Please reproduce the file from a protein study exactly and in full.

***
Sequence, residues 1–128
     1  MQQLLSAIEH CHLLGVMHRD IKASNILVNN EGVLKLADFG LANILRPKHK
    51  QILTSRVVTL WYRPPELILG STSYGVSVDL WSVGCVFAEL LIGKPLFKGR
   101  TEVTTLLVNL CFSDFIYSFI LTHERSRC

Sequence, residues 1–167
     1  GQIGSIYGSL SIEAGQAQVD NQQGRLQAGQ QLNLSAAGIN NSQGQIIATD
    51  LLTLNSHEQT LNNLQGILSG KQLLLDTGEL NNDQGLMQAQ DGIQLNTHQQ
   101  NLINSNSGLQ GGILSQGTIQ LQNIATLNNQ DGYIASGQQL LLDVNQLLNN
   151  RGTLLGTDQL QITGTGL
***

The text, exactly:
Sequence, residues 1–128
     1  MQQLLSAIEH CHLLGVMHRD IKASNILVNN EGVLKLADFG LANILRPKHK
    51  QILTSRVVTL WYRPPELILG STSYGVSVDL WSVGCVFAEL LIGKPLFKGR
   101  TEVTTLLVNL CFSDFIYSFI LTHERSRC

Sequence, residues 1–167
     1  GQIGSIYGSL SIEAGQAQVD NQQGRLQAGQ QLNLSAAGIN NSQGQIIATD
    51  LLTLNSHEQT LNNLQGILSG KQLLLDTGEL NNDQGLMQAQ DGIQLNTHQQ
   101  NLINSNSGLQ GGILSQGTIQ LQNIATLNNQ DGYIASGQQL LLDVNQLLNN
   151  RGTLLGTDQL QITGTGL